I hooked up my smallest flasher, which would all me to troll as fast as possible – just slightly above idle – and motored south. I made it about half way to Thetis Island before I decided I was wasting my tide and gas. I packed it up and put the engine back on half throttle.The days are so full out here. Every day is a gift, for which I am grateful, and each one stretches out into its own adventure. It’s such a stark contrast to the months spent working, in which each workday I’m lucky if I get two hours to spend on something other than sustaining my working life. This trip has renewed me with new vigor and a new purpose. The long, dreary work days are easier to take when I know what I’m working for. From here on, I will be working for those four months next summer where I can pick this good life back up and like Thoreau, suck out its marrow.
As I rounded the corner of the northwest end of Thetis Island a stiff breeze greeted me from the south. I would be fighting the tide and sailing into the wind but… but what the hell?! It had been a couple days since I had really sailed. I hoisted the genoa and beat to windward.
I was loath to turn off my engine, as even at idle it helps a lot when sailing into the wind. In hindsight though, I should have turned it off to save gas. My 10 HP Mercury Bigfoot outboard burns almost as much gas at idle as it does at half throttle, when it’s pushing me near hull speed. Even still, sailing against the wind and the tide, I was only making about 1 mph of progress toward my destination (in a strait line), being forced to sail 45 degrees off the wind.There really is something magical about crossing a large(ish) body of water. The magic happens when you look down at the chart plotter and note your position relative to the distant land masses and then look up to see that yellow blob materialize into real, three-dimentional life. It really, truly puts the world into perspective. At one glance, you know your place in it and your relation to the environment around you.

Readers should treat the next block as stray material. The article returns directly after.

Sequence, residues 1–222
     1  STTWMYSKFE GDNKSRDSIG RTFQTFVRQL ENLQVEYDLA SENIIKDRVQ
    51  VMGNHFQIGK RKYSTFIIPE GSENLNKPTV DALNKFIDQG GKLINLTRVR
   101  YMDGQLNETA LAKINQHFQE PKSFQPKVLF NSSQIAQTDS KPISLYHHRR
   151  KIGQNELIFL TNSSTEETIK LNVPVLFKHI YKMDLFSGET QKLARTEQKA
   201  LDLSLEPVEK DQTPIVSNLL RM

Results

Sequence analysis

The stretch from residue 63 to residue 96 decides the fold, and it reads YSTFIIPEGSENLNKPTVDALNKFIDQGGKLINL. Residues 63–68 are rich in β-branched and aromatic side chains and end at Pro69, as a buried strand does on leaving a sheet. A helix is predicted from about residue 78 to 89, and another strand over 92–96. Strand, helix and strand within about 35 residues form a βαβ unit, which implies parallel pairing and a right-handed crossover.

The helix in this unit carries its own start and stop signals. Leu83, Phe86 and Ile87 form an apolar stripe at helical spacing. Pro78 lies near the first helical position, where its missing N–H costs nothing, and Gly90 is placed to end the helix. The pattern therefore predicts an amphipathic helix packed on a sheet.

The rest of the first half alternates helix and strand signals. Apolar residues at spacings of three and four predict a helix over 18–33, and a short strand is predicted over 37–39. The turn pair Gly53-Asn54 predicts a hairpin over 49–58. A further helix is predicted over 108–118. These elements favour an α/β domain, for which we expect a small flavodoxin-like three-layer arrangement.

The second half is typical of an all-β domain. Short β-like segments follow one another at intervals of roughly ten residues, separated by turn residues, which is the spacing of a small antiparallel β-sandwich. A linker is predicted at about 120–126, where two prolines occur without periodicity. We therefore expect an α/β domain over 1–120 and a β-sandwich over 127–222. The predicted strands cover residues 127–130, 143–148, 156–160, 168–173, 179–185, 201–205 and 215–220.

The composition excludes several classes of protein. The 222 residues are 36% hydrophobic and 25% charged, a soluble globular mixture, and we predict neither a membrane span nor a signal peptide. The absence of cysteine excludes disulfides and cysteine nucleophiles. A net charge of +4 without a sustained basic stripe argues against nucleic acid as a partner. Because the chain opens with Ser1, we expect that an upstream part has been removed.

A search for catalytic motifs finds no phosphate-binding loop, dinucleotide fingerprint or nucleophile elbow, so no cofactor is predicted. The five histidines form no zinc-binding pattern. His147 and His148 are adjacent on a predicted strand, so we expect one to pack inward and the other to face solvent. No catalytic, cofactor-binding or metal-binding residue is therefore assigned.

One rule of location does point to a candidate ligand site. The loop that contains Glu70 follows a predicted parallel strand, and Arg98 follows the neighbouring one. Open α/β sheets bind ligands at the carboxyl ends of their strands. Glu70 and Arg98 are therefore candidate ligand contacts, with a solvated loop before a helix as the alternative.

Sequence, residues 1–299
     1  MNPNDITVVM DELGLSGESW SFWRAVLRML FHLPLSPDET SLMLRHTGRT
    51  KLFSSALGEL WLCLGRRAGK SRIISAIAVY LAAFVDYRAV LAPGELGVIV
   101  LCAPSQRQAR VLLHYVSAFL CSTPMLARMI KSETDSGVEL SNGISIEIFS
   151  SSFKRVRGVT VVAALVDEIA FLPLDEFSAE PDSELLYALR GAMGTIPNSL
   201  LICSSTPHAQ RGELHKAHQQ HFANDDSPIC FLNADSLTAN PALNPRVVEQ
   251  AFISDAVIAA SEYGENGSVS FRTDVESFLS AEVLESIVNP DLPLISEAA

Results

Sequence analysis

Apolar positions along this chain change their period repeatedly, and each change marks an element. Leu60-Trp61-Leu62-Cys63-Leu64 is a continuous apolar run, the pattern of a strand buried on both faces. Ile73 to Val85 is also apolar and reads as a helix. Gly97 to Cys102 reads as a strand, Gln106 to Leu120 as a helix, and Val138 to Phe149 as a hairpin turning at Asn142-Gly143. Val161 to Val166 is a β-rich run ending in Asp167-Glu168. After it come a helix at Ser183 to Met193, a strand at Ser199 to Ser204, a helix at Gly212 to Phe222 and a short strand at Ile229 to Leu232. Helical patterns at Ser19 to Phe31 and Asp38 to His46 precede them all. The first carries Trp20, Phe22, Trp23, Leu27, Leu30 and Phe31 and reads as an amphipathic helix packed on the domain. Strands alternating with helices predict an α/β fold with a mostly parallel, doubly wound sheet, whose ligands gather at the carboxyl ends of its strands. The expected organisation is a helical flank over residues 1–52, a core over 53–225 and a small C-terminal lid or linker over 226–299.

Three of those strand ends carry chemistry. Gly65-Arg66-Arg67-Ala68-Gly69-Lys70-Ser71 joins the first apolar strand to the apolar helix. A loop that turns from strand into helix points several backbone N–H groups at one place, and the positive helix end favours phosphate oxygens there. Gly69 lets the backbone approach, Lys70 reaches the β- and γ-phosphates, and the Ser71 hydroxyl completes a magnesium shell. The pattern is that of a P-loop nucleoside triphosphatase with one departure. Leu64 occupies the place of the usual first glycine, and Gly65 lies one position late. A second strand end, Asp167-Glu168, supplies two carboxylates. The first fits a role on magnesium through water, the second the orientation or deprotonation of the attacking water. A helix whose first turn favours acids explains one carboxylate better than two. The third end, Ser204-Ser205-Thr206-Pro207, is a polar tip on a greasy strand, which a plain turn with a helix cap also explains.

After a couple hours of great sail-trolling, but still no bites, my father radioed from Chemainus to let me know all the marinas and floats were full. We decided to fall back to Telegraph Harbor on Thetis Island instead. Being the slow boat worked in my favor as I was almost to the entrance of Telegraph Harbor when he radioed me.
Andy and Izak continued on to Chemainus in pursuit of a nearby swimming lake and then continued on to Salt Spring Island for the same reason. We may meet up on Wallace Island tomorrow… or maybe not. It depends on how the wind blows.
I dropped anchor in the crowded, but well protected, Telegraph Harbor while my parents saddled up to a marina dock slip. I was able to poach some water, garbage, and internet upon visiting them. Telegraph Harbor is so shallow and crowded, I do not recommend it as an anchorage. It’s better to drop anchor in Clam Bay and then bring a dingy in through The Cut between Thetis and Kuper Islands if you want to make use of the pub, grocery, or liquor store at Telegraph Marina or the food stand just down the road from Thetis Marina. Thetis Marina also has a bistro.
Here is a map of the locations mentioned in this post: